Cynthia has a natural instinct for understanding what clients need and want. Her ability to engage allows her to read the needs of the client and the family and at the same time make both feel understood and comfortable. This is especially difficult when hospice is involved but again Cynthia is there meeting those needs. D was one of Cynthia’s recent clients. D suffered from Alzheimer’s syndrome. He lived in a facility, which he rarely left. During the hours of care, Cynthia discovered D’s coin collection. D told her of his interest in coins and, after her shift ended, Cynthia found a close-by coin shop a few blocks from the facility. Before long, D and Cynthia began a series of visits to the coin shop, pushing D in his chair the four blocks up the hill, to talk to the shop owner and examine the coins. D enjoyed the outings and became involved and alert during these visits to talk about the coins he had collected for so many years.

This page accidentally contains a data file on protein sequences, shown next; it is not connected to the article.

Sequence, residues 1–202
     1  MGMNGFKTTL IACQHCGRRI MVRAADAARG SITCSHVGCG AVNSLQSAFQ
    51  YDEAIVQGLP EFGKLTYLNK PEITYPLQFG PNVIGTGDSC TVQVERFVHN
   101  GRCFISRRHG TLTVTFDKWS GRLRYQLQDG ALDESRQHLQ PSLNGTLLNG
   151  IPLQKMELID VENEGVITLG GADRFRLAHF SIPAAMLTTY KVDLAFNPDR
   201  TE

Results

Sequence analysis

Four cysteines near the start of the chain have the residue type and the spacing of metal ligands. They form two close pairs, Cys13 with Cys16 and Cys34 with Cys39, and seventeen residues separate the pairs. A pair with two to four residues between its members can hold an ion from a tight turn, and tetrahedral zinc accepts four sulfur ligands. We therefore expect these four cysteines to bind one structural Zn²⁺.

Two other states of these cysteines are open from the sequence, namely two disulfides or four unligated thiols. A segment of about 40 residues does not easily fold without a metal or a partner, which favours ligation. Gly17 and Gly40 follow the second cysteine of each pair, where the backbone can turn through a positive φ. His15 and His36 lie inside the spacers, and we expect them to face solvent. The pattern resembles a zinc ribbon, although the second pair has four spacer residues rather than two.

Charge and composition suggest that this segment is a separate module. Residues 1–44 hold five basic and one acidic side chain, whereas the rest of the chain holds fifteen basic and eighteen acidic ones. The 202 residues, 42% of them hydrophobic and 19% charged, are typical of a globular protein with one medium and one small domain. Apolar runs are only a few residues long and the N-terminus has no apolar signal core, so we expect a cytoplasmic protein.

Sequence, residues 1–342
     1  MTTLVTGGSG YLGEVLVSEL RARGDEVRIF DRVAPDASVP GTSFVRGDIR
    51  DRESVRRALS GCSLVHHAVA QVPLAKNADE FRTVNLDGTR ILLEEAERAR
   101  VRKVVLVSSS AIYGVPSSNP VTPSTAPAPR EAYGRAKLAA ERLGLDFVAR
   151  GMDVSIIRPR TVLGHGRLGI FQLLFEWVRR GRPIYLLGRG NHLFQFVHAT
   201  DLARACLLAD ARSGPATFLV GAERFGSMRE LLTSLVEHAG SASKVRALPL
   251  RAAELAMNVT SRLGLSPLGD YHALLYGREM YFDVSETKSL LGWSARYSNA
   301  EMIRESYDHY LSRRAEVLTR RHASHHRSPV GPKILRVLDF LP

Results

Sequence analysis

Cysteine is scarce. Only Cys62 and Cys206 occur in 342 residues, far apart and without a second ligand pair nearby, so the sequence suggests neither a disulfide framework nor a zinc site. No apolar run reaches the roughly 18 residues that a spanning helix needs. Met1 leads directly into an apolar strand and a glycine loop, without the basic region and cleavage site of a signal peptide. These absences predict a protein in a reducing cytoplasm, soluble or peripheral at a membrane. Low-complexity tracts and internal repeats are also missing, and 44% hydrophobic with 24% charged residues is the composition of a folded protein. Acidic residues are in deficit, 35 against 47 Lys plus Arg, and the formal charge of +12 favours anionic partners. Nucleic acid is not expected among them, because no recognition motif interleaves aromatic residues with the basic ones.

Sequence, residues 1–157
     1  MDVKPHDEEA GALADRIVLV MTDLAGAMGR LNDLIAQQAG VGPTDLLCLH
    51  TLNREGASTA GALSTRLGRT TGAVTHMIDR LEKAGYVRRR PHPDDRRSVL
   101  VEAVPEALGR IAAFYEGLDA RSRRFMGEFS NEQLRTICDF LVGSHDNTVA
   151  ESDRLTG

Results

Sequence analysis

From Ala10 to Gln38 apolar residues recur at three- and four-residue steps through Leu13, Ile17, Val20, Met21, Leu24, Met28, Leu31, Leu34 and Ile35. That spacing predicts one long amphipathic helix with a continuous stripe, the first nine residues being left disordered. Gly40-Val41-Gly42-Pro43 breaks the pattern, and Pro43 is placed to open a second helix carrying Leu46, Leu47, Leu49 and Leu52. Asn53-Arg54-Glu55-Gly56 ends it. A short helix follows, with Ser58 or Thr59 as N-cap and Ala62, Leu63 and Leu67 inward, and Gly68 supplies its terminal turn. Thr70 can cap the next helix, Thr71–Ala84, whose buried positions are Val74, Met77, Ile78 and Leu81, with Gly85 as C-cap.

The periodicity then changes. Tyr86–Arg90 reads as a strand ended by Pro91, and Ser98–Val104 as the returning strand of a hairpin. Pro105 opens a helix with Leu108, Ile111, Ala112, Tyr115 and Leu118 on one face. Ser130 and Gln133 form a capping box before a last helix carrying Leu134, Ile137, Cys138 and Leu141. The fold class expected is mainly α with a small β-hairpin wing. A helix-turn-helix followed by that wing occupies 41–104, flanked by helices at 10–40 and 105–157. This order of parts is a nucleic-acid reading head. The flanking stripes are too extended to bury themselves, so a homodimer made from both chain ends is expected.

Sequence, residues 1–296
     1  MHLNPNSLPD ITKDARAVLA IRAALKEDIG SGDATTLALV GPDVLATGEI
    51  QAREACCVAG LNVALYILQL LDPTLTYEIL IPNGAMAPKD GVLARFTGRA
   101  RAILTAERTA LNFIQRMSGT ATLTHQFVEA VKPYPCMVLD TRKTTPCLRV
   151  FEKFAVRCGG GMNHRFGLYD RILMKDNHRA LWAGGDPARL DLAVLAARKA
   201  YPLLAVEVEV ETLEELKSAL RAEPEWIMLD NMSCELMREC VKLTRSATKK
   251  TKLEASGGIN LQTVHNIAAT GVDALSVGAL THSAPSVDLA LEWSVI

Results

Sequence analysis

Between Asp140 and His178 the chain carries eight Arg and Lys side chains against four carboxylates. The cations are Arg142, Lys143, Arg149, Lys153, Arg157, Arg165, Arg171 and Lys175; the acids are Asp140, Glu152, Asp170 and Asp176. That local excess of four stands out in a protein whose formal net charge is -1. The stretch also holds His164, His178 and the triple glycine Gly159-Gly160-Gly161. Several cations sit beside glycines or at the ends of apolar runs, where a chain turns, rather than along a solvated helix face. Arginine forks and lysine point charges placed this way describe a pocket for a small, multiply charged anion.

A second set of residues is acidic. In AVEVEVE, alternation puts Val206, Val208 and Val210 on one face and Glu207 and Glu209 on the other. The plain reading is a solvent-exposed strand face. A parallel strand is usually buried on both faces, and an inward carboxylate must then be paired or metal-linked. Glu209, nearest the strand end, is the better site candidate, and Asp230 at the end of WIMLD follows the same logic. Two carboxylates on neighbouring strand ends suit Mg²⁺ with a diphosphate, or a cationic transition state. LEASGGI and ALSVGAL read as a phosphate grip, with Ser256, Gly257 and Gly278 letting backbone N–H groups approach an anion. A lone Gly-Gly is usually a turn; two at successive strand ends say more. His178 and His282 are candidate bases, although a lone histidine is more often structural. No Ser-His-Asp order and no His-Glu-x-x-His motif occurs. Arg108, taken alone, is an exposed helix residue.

Cynthia treats all of her clients and their family members as though they are members of her own family. She explains that her goal is to “take care of my clients as though they were my Grandma, and I think to myself how I would want a caregiver to treat her.”
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